Food & Drink
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How Olmeca Altos created a tequila specifically for bartenders, by bartenders

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A bottle of Olmeca Altos
Anthony Humphreys

Most liquor brands know that if they want to get their product into the mouths of the bar-going public, they need to make it attractive to bartenders. Few brands, however, design themselves from the ground up with that purpose in mind. Enter Olmeca Altos, a tequila seemingly destined to travel from the highlands of Jalisco to your favorite drink-slinger’s pouring hand. Here’s how the founders did it:
 

They Started With Cred
 
The surest way to know what bartenders want is to be a bartender. A relative rarity in the booze game, Altos was the brainchild of two men who served serious time behind the stick: the late Henry Besant and Dre Masso, Englishmen who started their illustrious careers at the tender ages of 16 and 18 respectively (it’s Europe, people). A veteran of Ian Schrager hotel bars, Besant had elevated London’s legendary Lonsdale to the heights of cocktail fame when he partnered with Masso on Green & Red, a beloved Shoreditch pub that instead of ales focused on spreading the gospel of agave to London -- where tequila was still, according to Besant, a spirit that “most people hate”.
 
Besant, the only bar operator to ever win back-to-back Time Out Bar of the Year awards, and Masso, a UK Bartender of the Year three times running, also collaborated on Margarita Rocks, a book stuffed with 70+ recipes. The next obvious step for the two was to either conquer another spirit (Rum Rocks?), or take the plunge and make their own tequila with the quality they wanted, and the price point they needed.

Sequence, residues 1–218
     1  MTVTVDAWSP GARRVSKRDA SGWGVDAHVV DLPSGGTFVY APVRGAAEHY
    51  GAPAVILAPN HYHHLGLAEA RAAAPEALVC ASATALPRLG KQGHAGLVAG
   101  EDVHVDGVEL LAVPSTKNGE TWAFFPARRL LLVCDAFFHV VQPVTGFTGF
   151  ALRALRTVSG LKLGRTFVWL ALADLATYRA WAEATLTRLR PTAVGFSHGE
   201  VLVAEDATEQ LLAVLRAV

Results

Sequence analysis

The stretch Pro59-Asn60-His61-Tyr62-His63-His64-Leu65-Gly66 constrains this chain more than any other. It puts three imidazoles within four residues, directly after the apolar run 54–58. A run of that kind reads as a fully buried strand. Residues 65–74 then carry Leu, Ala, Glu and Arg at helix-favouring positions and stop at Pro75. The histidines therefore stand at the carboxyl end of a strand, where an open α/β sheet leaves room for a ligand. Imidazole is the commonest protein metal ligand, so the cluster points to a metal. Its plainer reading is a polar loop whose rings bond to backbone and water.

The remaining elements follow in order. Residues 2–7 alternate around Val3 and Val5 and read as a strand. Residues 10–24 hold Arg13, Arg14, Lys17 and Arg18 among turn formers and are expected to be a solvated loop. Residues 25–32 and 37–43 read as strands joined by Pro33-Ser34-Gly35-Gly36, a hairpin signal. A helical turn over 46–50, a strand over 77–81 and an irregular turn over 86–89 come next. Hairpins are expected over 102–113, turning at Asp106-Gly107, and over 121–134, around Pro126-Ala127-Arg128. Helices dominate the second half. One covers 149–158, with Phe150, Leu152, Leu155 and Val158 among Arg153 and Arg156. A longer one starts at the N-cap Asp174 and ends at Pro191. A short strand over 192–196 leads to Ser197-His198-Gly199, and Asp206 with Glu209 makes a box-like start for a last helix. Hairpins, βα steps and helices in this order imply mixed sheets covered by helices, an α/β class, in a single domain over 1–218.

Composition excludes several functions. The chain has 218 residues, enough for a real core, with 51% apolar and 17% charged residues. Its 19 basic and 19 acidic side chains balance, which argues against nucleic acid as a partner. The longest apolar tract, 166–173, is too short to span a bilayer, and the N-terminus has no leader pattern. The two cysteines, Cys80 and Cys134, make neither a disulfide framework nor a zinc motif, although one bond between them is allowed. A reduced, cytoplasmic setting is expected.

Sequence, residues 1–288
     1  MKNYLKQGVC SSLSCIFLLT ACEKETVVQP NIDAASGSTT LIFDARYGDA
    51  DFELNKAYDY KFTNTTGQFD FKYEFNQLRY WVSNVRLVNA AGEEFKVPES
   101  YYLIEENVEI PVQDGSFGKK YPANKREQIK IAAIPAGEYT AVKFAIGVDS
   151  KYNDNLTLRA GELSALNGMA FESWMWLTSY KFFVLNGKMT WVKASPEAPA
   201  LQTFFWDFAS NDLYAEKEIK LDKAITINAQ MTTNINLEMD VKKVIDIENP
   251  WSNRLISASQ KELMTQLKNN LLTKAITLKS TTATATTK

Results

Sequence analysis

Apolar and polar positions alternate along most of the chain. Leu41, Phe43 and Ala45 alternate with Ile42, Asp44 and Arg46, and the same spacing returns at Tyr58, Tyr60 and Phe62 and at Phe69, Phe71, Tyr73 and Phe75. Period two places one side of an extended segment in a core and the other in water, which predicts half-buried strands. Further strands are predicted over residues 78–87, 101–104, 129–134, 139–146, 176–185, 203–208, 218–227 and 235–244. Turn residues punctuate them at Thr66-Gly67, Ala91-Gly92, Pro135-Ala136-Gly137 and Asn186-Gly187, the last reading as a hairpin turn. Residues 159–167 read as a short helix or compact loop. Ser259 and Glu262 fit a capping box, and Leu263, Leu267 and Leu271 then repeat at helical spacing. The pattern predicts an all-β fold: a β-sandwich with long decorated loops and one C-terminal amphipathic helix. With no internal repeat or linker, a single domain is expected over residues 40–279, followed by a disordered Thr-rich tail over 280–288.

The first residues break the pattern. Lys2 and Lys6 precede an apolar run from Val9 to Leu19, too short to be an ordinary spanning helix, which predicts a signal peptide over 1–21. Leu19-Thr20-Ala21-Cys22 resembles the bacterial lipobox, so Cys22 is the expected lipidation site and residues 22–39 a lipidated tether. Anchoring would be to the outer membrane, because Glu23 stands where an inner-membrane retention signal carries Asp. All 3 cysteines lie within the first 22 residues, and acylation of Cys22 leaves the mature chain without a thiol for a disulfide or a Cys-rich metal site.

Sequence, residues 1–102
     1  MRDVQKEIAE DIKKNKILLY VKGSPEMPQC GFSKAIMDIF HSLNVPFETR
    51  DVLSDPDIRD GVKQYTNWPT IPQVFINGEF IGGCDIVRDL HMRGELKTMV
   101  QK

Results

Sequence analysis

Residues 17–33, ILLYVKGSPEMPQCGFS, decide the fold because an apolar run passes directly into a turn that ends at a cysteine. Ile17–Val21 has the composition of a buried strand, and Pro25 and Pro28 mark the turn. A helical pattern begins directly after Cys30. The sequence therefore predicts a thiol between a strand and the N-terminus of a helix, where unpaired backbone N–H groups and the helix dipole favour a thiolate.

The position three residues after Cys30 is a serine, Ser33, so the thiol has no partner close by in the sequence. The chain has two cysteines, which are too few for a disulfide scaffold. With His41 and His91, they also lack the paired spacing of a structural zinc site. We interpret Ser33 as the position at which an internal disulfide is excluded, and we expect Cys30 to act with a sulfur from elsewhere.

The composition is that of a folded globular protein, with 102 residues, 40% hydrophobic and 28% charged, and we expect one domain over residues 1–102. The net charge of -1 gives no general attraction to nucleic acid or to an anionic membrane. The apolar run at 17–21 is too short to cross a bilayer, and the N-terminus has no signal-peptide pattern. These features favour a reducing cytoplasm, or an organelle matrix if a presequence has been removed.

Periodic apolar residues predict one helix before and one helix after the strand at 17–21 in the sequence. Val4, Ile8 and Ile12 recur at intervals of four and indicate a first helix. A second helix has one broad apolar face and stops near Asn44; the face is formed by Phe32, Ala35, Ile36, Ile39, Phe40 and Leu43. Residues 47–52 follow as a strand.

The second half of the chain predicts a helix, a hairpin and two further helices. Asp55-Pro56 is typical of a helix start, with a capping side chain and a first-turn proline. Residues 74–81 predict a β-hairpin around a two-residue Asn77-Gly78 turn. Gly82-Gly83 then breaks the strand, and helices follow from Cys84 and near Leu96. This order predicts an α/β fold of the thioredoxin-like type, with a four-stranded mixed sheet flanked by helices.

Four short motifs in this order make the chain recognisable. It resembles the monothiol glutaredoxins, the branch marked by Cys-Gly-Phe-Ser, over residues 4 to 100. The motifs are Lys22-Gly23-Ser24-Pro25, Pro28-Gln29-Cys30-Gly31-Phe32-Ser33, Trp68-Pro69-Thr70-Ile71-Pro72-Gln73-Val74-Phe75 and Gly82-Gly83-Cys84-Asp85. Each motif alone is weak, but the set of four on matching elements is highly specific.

The Jalisco highlands

They Were A Holy Terroir
 
Besant and Masso set up shop in Jalisco, fully immersing themselves in the ways, whys, and means of cultivation and production, and coming to understand the land whose particularities, just like the wine regions of France, would dictate the characteristics of their spirit. On and off for three years they studied the soil, climate, water, and terrain that influence agave plants over their 6-8 year maturation.
 
The duo soon narrowed their sights on the highlands region. Whereas lowland agave tends to be dark, earthy, and vegetal, the microclimate of the highlands, with its cool nights, warm days, heavy precipitation, and iron oxide rich soil produces agave that’s bright, spicy, and citrusy -- a profile they figured could stand up to and shine through whatever ingredients today’s compulsively inventive bartenders threw at it.
 

The tahona stone

They Rocked And Also Rolled
 
Besant and Masso’s search for a highlands distillery to partner with led them to Olmeca, located in Los Altos, 6903ft above sea level. The nearly 50-year-old operation not only had the right land, but they also employed traditional production methods still used by only a handful of modern distilleries.